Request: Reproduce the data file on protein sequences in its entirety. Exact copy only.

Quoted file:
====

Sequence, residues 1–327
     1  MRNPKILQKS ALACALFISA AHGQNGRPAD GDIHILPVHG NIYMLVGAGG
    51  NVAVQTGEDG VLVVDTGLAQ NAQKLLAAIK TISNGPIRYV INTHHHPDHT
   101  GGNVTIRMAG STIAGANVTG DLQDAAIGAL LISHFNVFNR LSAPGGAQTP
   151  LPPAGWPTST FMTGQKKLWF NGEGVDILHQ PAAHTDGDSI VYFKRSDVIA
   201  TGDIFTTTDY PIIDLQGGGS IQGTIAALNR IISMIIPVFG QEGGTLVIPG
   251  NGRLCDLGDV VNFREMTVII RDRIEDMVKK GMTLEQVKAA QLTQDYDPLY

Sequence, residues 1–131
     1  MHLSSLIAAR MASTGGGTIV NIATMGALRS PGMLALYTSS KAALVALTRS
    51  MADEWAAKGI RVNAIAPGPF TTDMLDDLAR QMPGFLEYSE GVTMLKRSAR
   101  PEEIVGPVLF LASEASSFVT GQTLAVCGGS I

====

Sequence, residues 1–327
     1  MRNPKILQKS ALACALFISA AHGQNGRPAD GDIHILPVHG NIYMLVGAGG
    51  NVAVQTGEDG VLVVDTGLAQ NAQKLLAAIK TISNGPIRYV INTHHHPDHT
   101  GGNVTIRMAG STIAGANVTG DLQDAAIGAL LISHFNVFNR LSAPGGAQTP
   151  LPPAGWPTST FMTGQKKLWF NGEGVDILHQ PAAHTDGDSI VYFKRSDVIA
   201  TGDIFTTTDY PIIDLQGGGS IQGTIAALNR IISMIIPVFG QEGGTLVIPG
   251  NGRLCDLGDV VNFREMTVII RDRIEDMVKK GMTLEQVKAA QLTQDYDPLY

Sequence, residues 1–131
     1  MHLSSLIAAR MASTGGGTIV NIATMGALRS PGMLALYTSS KAALVALTRS
    51  MADEWAAKGI RVNAIAPGPF TTDMLDDLAR QMPGFLEYSE GVTMLKRSAR
   101  PEEIVGPVLF LASEASSFVT GQTLAVCGGS I